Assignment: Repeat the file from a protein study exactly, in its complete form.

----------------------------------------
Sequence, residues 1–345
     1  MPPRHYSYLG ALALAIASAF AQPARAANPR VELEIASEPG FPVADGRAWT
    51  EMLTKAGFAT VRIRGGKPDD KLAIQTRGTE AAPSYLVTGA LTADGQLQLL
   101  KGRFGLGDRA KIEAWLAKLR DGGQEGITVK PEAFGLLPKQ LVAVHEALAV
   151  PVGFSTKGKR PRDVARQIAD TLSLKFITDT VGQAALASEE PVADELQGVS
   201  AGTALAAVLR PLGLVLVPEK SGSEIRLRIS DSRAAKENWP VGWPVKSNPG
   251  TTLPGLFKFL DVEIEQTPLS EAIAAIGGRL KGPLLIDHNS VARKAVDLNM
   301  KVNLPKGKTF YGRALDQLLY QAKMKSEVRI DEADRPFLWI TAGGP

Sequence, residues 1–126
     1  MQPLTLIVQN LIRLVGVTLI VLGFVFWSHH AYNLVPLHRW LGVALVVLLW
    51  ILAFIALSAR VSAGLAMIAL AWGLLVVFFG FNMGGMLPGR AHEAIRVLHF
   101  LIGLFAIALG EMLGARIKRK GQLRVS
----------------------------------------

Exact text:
Sequence, residues 1–345
     1  MPPRHYSYLG ALALAIASAF AQPARAANPR VELEIASEPG FPVADGRAWT
    51  EMLTKAGFAT VRIRGGKPDD KLAIQTRGTE AAPSYLVTGA LTADGQLQLL
   101  KGRFGLGDRA KIEAWLAKLR DGGQEGITVK PEAFGLLPKQ LVAVHEALAV
   151  PVGFSTKGKR PRDVARQIAD TLSLKFITDT VGQAALASEE PVADELQGVS
   201  AGTALAAVLR PLGLVLVPEK SGSEIRLRIS DSRAAKENWP VGWPVKSNPG
   251  TTLPGLFKFL DVEIEQTPLS EAIAAIGGRL KGPLLIDHNS VARKAVDLNM
   301  KVNLPKGKTF YGRALDQLLY QAKMKSEVRI DEADRPFLWI TAGGP

Sequence, residues 1–126
     1  MQPLTLIVQN LIRLVGVTLI VLGFVFWSHH AYNLVPLHRW LGVALVVLLW
    51  ILAFIALSAR VSAGLAMIAL AWGLLVVFFG FNMGGMLPGR AHEAIRVLHF
   101  LIGLFAIALG EMLGARIKRK GQLRVS